Latest way smokers are being caught out

HUNDREDS of Queensland smokers are being fined every year for endangering other people's health, including children, by ignoring the state's strict smoking laws.

They face on-the-spot fines of $266 if caught, but Queensland Health's Kaye Pulsford said the bigger penalty should be living with a guilty conscience.

Ms Pulsford, the executive director of the department's preventative health branch, yesterday implored smokers to stub out in smoke-free zones, such as within 5m of public transport waiting points, including taxi ranks, ferry terminals, train stations and bus stops.

 

Hundreds of Queensland smokers are being fined every year for endangering lives, including children, by ignoring smoking laws.
Hundreds of Queensland smokers are being fined every year for endangering lives, including children, by ignoring smoking laws.

She also called on Queenslanders to dob in smokers who frequently broke the rules and lit up in cigarette no-go areas, such as entrances to businesses, near children's playground equipment and pedestrian malls.

On average, Queensland police issue 15 on-the-spot fines a month to people seen smoking in cars with children aged under 16 inside.

And last financial year, environmental health officers dished out 125 fines to smokers lighting up in smoke-free zones.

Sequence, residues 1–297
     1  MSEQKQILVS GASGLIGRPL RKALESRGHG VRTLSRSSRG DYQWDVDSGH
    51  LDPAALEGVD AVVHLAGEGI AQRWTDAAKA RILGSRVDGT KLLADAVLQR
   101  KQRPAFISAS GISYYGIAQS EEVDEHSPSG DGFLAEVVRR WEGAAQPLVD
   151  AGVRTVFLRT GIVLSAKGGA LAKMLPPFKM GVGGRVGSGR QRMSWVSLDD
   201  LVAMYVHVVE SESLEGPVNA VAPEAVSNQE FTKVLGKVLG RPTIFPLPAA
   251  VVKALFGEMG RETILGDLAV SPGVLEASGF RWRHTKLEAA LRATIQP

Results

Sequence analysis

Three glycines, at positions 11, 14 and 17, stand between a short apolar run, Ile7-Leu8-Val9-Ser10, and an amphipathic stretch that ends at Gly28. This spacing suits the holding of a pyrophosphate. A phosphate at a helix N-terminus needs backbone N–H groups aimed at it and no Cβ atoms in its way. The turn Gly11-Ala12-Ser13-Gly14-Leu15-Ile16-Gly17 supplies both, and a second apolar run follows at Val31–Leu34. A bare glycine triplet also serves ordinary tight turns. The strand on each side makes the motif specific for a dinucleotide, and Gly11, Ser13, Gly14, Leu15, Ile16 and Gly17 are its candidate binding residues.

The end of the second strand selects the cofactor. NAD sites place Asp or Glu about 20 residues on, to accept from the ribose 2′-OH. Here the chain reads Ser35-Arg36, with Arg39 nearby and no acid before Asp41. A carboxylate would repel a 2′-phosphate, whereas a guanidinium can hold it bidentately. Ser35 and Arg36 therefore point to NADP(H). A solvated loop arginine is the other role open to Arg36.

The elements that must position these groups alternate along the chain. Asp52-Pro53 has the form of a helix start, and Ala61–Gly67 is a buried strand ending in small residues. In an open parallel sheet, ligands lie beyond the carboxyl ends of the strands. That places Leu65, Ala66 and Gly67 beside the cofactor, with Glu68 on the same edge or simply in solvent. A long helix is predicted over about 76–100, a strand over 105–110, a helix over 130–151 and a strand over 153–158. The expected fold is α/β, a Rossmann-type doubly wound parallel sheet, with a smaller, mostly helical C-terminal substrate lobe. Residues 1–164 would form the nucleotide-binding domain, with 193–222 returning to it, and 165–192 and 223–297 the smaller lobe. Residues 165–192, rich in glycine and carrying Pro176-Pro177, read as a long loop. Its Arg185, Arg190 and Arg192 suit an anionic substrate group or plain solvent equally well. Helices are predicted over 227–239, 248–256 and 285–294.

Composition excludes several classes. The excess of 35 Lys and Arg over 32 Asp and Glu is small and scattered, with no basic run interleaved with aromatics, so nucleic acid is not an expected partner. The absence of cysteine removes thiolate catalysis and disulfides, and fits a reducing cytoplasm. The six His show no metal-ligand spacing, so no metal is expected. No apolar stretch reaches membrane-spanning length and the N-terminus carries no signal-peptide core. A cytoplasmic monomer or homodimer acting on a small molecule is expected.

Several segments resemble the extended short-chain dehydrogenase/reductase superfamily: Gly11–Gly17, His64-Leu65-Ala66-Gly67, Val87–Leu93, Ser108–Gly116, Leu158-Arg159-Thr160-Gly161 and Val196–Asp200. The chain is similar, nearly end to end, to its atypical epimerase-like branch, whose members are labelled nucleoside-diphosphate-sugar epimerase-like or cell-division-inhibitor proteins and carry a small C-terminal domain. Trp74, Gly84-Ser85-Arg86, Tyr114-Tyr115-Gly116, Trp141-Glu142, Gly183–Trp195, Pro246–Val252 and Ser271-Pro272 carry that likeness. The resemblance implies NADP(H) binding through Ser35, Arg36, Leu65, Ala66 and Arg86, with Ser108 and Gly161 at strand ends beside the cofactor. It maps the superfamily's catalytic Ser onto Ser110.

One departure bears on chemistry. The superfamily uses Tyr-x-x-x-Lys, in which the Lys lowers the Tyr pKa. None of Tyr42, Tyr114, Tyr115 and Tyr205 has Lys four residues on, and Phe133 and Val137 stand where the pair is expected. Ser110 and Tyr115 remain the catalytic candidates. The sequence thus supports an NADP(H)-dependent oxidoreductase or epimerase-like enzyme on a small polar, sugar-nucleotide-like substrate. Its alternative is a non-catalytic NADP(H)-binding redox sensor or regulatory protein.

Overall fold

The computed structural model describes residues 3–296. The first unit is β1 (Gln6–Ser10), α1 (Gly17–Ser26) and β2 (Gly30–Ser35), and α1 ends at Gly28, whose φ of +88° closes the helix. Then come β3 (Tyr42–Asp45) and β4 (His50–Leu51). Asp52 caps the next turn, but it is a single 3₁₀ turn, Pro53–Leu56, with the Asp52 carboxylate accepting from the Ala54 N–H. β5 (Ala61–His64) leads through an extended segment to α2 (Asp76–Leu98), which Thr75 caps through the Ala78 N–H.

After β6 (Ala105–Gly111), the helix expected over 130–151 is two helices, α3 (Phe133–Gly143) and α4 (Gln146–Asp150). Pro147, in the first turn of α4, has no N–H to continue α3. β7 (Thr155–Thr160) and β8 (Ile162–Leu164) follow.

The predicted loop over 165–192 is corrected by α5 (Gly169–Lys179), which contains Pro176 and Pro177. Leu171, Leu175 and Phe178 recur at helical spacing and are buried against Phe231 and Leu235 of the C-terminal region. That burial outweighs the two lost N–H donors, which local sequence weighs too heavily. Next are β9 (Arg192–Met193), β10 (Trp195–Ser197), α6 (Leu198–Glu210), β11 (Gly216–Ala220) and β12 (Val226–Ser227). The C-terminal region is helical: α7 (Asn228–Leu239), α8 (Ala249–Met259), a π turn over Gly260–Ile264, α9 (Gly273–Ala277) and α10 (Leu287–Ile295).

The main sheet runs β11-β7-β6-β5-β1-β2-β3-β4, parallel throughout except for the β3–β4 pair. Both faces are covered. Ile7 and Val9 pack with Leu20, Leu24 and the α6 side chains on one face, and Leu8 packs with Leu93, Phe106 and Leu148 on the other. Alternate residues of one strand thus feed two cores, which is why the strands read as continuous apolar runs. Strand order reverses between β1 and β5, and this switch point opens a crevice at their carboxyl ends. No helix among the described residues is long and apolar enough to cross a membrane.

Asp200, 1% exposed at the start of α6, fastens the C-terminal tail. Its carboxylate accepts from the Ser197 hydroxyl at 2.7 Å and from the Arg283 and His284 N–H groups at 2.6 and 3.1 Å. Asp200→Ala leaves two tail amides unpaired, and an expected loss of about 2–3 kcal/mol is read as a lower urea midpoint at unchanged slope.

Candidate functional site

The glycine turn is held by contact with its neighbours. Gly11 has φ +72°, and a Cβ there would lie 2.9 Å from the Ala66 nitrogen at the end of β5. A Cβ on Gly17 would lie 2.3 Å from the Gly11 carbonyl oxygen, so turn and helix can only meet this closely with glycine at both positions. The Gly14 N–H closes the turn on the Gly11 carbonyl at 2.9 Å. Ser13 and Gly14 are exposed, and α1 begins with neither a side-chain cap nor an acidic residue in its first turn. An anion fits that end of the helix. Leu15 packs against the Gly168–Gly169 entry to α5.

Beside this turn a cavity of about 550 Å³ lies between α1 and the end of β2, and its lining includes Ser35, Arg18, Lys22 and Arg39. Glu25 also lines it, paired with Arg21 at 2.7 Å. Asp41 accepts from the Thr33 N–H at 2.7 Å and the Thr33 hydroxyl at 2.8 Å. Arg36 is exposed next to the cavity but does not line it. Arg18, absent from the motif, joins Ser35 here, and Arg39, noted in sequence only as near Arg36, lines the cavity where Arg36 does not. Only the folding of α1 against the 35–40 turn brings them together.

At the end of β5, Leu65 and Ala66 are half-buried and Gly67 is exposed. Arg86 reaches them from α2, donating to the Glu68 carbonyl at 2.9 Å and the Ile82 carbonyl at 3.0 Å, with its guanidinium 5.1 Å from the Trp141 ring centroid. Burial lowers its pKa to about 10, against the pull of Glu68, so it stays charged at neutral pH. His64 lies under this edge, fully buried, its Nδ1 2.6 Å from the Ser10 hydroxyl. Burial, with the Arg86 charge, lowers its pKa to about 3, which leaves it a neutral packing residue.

"How can a caring, considerate, loving adult smoke inside a very confined space with a child under 16 inside? What are they thinking?" Ms Pulsford said.

"This is not about whether they smoke - I understand the horrible nature of this addiction.

"It's about where they smoke and its potential to impact on other people.

"There's no safe level of exposure to tobacco smoke.

"Babies and children exposed to tobacco smoke are at serious risk of sudden infant death syndrome, bronchitis, pneumonia and other lung or airway infections, middle ear disease and asthma."

 

 

Ms Pulsford said non-smokers exposed to second-hand smoke at home increased their risk of developing heart disease by up to 30 per cent.

They were also at increased risk of lung cancer compared to non-smokers who had never been subjected to tobacco smoke at home.

She was backed by Cancer Council Queensland CEO Chris McMillan, who said at least one Queenslander died every week from exposure to smoke drift without ever having smoked a cigarette in their life.

"The evidence is undeniable - second-hand smoke kills," Ms McMillan said.

Queenslanders can report people who flagrantly breach anti-smoking rules by phoning 13 QGOV (13 74 68).

Ms Pulsford said Queensland Health offered a range of initiatives to help people quit smoking through Quitline on 13 78 48.

"No matter who you are, or how long you've been smoking, it's never too late to become healthier and happier without cigarettes," Ms Pulsford said.